The Book Corner 11/7/19: The Widow of Rose House by Diana Biller
The Widow of Rose House by Diana Biller. St. Martin Griffin Oct. 12, 2019.
Amazon’s blurb: ** A
“MOST ANTICIPATED ROMANCE” of 2019 (BookPage) **
A young widow restores a dilapidated mansion with the assistance of a charming, eccentric genius, only to find the house is full of dangerous secrets in this effervescent Gilded Age romantic comedy debut
It’s 1875, and Alva Webster has perfected her stiff upper lip after three years of being pilloried in the presses of two continents over fleeing her abusive husband. Now his sudden death allows her to return to New York to make a fresh start, restoring Liefdehuis, a dilapidated Hyde Park mansion, and hopefully her reputation at the same time.
However, fresh starts aren’t as easy as they seem, as Alva discovers when stories of a haunting at Liefdehuis begin to reach her. But Alva doesn’t believe in ghosts. So when the eccentric and brilliant professor Samuel Moore appears and informs her that he can get to the bottom of the mystery that surrounds Liefdehuis, she turns him down flat. She doesn’t need any more complications in her life—especially not a handsome, convention-flouting, scandal-raising one like Sam. Unfortunately, though Alva is loath to admit it, Sam, a pioneer in electric lighting and a member of the nationally-adored Moore family of scientists, is the only one who can help. Together, the two delve into the tragic secrets wreathing Alva’s new home while Sam attempts to unlock Alva’s history—and her heart.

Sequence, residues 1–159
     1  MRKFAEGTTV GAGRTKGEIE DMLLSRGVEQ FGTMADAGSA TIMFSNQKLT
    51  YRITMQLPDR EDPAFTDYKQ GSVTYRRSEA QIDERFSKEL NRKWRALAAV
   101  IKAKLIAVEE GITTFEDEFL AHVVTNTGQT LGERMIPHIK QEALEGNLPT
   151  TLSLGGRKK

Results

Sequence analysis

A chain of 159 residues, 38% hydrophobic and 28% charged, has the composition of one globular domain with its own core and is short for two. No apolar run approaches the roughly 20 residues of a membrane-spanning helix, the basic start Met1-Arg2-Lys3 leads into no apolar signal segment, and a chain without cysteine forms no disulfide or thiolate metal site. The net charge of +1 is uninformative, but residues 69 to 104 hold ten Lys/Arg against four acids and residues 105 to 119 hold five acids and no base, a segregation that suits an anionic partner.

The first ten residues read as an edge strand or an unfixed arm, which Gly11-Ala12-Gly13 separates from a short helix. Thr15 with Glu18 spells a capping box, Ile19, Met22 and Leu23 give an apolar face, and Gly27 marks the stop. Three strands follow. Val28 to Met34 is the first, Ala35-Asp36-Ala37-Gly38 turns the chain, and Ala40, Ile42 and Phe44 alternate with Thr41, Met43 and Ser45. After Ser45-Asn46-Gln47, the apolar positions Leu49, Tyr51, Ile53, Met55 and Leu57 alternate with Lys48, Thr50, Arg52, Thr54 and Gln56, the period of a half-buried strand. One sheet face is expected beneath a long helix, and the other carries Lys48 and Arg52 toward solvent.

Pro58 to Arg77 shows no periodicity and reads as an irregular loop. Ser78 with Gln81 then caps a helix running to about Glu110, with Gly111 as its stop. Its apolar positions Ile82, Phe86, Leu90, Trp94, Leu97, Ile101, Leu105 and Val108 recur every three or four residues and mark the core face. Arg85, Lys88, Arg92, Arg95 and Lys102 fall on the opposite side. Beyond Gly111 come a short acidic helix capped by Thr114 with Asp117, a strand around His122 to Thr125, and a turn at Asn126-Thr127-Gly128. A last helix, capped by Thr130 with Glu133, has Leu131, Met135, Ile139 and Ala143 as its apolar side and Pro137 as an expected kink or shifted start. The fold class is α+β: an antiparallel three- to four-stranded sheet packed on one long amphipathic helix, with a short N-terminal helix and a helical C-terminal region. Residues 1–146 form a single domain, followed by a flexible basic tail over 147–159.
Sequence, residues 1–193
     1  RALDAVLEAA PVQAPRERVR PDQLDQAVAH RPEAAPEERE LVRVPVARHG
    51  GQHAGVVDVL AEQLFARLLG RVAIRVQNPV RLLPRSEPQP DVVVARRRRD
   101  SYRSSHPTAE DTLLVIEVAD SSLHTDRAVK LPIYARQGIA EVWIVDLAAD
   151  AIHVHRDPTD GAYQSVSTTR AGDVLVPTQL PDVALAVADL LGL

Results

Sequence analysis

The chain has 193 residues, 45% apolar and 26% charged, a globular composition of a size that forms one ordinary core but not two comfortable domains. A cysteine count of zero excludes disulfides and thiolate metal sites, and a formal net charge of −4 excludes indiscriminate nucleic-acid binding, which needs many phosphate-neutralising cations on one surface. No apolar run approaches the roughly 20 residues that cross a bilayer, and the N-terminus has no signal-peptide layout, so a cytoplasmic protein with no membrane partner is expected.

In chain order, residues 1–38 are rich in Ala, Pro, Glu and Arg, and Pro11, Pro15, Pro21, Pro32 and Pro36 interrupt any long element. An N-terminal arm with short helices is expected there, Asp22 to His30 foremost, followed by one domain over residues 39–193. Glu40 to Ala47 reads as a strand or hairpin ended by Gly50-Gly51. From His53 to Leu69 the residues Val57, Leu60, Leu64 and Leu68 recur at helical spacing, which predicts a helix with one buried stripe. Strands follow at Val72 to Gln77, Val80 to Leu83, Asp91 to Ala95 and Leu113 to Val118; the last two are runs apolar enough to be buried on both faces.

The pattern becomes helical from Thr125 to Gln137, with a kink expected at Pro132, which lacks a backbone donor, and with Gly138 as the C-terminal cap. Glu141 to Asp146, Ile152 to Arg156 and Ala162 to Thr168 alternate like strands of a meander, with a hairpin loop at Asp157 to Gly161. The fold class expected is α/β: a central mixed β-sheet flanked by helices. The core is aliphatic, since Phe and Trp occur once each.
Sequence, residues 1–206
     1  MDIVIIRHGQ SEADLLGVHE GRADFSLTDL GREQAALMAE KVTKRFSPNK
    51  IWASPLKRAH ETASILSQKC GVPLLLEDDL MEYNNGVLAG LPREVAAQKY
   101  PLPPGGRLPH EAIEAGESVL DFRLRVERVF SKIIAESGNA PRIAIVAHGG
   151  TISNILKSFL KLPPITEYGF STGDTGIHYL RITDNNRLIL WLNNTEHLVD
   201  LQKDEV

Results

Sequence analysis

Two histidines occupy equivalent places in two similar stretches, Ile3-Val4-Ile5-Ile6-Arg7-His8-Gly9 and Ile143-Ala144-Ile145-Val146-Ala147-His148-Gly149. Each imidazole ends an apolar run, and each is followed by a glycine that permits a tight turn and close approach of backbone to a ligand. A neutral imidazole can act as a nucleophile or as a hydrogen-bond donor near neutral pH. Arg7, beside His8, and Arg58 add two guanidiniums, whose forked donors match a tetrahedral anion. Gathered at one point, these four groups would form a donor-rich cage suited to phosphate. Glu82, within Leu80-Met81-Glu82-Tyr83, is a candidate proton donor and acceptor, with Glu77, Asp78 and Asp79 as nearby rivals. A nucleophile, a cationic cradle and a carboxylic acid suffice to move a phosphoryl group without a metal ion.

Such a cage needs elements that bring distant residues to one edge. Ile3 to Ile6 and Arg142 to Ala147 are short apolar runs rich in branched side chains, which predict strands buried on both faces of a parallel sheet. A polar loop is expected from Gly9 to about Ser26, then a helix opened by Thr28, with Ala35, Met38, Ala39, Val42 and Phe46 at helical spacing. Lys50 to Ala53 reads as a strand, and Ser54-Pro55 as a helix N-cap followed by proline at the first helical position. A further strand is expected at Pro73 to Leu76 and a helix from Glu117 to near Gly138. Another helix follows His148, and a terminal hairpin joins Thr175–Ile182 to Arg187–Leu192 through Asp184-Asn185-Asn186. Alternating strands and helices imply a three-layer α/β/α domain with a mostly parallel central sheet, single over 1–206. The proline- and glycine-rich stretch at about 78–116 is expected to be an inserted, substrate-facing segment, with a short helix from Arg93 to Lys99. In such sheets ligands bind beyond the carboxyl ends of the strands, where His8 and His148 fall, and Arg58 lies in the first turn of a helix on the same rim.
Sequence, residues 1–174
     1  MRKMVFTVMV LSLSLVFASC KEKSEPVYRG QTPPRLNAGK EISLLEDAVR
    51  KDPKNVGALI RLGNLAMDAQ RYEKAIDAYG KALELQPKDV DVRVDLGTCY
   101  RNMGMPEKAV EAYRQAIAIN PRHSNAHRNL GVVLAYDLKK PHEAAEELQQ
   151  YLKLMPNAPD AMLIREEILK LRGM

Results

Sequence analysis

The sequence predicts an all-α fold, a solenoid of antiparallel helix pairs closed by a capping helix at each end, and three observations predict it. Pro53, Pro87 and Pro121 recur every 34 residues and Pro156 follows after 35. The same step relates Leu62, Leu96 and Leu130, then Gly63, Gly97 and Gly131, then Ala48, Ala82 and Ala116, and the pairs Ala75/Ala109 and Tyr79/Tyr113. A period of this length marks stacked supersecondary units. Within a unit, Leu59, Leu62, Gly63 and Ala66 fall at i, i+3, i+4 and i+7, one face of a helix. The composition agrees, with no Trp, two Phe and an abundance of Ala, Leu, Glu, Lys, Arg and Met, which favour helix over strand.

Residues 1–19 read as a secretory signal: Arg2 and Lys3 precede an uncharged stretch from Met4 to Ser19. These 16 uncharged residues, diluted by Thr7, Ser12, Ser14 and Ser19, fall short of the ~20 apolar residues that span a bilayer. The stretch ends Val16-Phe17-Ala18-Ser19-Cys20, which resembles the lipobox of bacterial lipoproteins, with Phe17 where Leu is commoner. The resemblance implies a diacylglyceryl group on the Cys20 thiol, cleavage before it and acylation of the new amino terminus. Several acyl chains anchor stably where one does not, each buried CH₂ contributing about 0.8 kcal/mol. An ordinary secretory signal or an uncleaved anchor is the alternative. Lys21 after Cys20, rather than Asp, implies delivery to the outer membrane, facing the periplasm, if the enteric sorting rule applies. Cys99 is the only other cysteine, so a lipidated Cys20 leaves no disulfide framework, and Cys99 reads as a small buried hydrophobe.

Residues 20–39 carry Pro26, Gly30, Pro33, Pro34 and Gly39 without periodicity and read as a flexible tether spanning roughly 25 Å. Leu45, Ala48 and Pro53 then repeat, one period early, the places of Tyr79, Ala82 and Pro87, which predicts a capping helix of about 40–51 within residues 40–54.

Set during the Gilded Age in New York City, The Widow of Rose House is a gorgeous debut by Diana Biller, with a darkly Victorian Gothic flair and an intrepid and resilient American heroine guaranteed to delight readers.
My Review: Spoilers: Honestly, I found the book a bit boring despite the ghosts and dead husband returning to the life of an abused woman. I’m not sure why, I just couldn’t connect with the characters. This, from a woman who was abused. Maybe it’s because of my past that I couldn’t get into this. Maybe I simply didn’t want to return to that idea. However, deep down, I don’t think so. I think there was just too much going on with the characters. Too many distractions to care about what was going on.
Leave a Reply